Nanostructures grown on fabric soak up oil spills

"Water just runs straight off it but the rods attract and hold oil," explained researcher Anthony O'Mullane.
By Brooks Hays  |  April 18, 2016 at 10:48 AM
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BRISBANE, Australia, April 18 (UPI) -- A superhydrophobic fabric that attracts oil, being developed by researchers in Australia, may one day be a household cleaning product. As of now, it's a prototype with great promise.

By growing semi-conducting nanostructures directly on fabric, researchers at the Queensland University of Technology have found a novel way to build an oil mop.

"This fabric repels water and attracts oil. We have tested it and found it effective at cleaning up crude oil, and separating organic solvents, ordinary olive and peanut oil from water," Anthony O'Mullane, a chemical engineer at QUT, said in a news release. "We were able to mop up crude oil from the surface of fresh and salt water."

Though in theory any fabric could work, the scientists selected nylon as their base fabric. The nylon already had silver woven into it, which primed it for step two in the oil mop production process. Next, the fabric was dipped in a vat where it received a coating of copper using a process called electrochemical deposition.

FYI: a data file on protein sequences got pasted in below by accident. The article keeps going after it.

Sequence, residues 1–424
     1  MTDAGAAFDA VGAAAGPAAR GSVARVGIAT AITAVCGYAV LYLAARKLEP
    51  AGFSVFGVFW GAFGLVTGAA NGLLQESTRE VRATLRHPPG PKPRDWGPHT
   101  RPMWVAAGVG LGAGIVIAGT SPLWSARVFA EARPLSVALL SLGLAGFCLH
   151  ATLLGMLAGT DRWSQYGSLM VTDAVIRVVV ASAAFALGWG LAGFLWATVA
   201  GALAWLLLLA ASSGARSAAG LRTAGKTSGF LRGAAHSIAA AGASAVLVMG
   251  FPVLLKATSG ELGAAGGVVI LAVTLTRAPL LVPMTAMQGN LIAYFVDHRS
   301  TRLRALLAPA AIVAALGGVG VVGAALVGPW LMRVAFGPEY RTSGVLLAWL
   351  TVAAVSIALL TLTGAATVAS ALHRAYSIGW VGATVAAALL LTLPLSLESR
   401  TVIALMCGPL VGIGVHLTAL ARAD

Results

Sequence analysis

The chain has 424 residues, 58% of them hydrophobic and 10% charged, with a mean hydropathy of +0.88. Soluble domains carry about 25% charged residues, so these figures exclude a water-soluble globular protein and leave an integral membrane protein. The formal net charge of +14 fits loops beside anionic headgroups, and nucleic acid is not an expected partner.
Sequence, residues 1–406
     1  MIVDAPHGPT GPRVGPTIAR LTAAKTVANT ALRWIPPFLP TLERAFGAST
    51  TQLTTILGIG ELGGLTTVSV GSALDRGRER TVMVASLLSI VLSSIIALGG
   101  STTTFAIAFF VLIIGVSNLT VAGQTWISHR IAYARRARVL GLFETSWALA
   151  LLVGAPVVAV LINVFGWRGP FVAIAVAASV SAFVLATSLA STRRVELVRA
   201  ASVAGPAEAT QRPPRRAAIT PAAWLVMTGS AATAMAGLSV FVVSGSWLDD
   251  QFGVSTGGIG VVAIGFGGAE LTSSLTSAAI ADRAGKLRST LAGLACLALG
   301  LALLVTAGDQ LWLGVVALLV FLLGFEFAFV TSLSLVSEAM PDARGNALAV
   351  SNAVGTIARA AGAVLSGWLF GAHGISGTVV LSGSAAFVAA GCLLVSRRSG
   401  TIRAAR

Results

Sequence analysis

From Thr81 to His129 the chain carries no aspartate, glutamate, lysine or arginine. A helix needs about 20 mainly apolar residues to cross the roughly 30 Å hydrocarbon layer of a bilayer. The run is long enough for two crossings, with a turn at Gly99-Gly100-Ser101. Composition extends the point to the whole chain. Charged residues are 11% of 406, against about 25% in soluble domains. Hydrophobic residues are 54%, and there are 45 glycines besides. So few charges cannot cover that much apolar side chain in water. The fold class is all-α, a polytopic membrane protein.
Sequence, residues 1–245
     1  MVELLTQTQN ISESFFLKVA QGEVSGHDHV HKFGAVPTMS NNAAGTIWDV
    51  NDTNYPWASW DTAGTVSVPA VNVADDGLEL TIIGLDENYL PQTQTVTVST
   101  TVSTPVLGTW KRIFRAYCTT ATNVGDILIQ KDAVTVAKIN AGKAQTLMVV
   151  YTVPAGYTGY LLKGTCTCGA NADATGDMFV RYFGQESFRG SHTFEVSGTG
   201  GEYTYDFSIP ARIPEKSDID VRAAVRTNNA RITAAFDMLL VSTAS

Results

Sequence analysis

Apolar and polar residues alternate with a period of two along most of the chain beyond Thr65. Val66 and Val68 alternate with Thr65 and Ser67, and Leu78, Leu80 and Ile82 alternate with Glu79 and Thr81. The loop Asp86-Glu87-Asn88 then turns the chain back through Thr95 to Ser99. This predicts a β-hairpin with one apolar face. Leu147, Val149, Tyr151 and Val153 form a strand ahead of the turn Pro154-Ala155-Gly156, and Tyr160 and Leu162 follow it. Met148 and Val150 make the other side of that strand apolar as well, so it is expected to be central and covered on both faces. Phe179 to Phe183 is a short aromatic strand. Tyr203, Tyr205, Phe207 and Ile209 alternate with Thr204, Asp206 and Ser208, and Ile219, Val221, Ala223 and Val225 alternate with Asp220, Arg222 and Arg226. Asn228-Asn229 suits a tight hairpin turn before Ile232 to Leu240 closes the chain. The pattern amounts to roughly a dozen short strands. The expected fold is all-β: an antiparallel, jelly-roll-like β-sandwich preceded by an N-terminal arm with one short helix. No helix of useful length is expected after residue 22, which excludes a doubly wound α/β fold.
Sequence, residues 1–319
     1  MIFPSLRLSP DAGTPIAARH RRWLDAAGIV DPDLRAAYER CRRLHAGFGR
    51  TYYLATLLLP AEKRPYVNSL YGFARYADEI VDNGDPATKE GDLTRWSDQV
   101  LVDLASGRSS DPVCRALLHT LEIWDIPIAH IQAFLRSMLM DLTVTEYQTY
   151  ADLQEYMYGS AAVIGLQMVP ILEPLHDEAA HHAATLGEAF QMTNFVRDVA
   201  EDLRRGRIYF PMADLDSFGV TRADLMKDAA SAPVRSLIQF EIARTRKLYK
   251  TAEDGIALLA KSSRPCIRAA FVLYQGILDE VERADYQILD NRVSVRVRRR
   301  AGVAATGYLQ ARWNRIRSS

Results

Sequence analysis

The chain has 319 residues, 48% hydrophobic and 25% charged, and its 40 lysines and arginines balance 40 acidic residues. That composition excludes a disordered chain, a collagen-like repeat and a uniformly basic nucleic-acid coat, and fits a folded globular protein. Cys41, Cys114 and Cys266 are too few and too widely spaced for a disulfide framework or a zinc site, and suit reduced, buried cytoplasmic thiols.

"Now with a copper coating, we converted the fabric into a semiconducting material with the addition of another solution that causes nanostructures to grow on the fabric's surface -- the key to its enhanced properties," O'Mullane explained. "The nanostructures are like tiny rods that cover the surface of the fabric. Water just runs straight off it but the rods attract and hold oil."

O'Mullane and his colleagues believe the mop could be used for a variety of cleanup jobs. Its self-cleaning and antibacterial qualities make it especially versatile. When exposed to sunlight, its semiconducting nanostructures could work to break down organic materials.

"Its antibacterial properties arising from the presence of copper could be used to kill bugs while also separating water from industrial waste in waterways or decontaminate water in remote and poor communities where water contamination is an issue," O'Mullane added.

Researchers described their magic fabric in the journal ChemPlusChem.

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